The Colorado Cross-Disability Coalition filed a federal class action lawsuit against the Regional Transportation District on November 18, alleging that its light rail system is inaccessible to people who use wheelchairs and other mobility devices.
“For many of us, especially those of us who use motorized wheelchairs, public transportation is our only option,” said Julie Reiskin, executive director of the coalition and a plaintiff in the lawsuit, told the Denver Post. “One of the problems with RTD light rail trains is that they do not provide legally required space for people who use wheelchairs and other mobility devices to board and exit the train without having undue maneuverability problems.”
Under the Americans with Disabilities Act, public entities operating “fixed-route” systems, such as light rails, built after August 25, 1990 must be “readily accessible to and usable by individuals with disabilities, including individuals who use wheelchairs.” The light rail, which goes through Denver, Boulder and other cities in Colorado, has been operational since 2000.
The Department of Transportation’s regulations, implementing the ADA, specify that light rails must provide a wheelchair accessible area with a minimum clearing space of 48 inches-by-30 inches. These dimensions are large enough to allow two wheelchairs side by side.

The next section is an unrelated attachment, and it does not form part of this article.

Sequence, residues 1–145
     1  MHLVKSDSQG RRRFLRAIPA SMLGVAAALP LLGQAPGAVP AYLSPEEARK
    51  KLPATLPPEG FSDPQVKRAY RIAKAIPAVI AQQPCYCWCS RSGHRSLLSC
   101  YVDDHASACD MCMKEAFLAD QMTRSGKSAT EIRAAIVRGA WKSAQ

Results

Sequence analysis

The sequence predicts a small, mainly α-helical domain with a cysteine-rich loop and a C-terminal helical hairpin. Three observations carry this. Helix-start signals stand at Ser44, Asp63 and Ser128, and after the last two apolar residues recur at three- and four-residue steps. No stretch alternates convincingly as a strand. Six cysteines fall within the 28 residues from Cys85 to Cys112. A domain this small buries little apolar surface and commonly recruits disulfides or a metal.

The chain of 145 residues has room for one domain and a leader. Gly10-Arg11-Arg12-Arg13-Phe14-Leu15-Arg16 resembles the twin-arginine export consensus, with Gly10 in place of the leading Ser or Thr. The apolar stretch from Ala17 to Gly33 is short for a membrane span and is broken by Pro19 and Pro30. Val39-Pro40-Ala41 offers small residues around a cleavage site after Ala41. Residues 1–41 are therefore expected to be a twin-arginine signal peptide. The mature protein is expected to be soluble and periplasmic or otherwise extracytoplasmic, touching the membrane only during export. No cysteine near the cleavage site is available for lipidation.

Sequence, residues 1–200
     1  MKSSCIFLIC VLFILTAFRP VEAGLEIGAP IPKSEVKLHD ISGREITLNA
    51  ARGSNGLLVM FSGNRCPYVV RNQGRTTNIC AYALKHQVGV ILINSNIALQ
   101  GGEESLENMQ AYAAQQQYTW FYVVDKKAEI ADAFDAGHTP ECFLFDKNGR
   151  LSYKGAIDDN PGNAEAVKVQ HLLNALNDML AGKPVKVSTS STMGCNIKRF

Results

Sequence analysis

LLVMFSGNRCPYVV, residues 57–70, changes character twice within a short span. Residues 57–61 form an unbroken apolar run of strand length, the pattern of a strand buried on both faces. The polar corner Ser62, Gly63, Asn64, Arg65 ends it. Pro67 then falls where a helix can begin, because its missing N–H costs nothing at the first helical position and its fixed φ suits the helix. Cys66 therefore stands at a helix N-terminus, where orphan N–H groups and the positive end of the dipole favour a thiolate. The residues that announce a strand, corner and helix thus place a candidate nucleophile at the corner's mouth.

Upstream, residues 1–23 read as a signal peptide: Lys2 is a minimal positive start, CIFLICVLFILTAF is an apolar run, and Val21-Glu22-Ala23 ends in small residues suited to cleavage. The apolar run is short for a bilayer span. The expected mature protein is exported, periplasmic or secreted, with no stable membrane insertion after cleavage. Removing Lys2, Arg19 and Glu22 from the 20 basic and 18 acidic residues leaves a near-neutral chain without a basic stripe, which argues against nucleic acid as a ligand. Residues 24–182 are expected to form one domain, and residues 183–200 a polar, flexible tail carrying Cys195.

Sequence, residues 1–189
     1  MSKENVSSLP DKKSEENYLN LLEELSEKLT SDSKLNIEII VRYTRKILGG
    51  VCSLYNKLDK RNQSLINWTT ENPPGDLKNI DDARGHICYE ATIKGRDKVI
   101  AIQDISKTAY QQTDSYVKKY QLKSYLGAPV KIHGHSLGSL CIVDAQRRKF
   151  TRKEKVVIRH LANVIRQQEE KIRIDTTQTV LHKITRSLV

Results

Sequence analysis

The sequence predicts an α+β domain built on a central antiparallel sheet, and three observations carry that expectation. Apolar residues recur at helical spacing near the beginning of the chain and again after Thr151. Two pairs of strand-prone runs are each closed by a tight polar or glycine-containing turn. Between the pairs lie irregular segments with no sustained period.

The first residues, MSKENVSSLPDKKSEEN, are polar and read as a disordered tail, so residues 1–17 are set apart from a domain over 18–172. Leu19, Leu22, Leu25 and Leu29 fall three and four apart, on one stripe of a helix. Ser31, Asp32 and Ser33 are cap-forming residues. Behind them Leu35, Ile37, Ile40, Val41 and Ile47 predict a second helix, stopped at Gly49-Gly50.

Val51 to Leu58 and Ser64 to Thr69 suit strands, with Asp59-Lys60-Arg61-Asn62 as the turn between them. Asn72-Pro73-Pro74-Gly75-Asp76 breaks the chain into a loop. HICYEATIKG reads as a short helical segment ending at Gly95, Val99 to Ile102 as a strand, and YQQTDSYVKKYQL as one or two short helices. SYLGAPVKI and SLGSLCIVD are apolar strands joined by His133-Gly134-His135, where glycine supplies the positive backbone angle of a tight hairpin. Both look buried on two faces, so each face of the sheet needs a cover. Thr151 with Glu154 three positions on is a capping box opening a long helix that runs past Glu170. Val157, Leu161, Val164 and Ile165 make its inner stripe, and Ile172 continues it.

According to the lawsuit, filed in the U.S. District Court for the District of Colorado, many of the light rails do not contain the required clearing space, forcing wheelchair users to block the aisles or entrance areas.
Moreover, the lawsuit alleges, the light rail operators regularly refuse to ask people with bicycles, strollers and other large objects to move from these areas so they can be used by their intended users. In addition, the RTD posts signs that say these areas are designated priority for people with disabilities, without specifying that they are meant for people with wheelchairs and other mobility devices.
The lawsuit also alleges violations of Section 504 of the Rehabilitation Act, a federal statute which preceeded the ADA that similarly prohibits discrimination by entities receiving federal financial assistance from discriminating against people with disabilities.
“People in wheelchairs are constantly having to move around to try to accommodate other people getting on and off the train,” Coalition Attorney Kevin Williams told Colorado Public Radio. “That just doesn’t happen for other passengers.”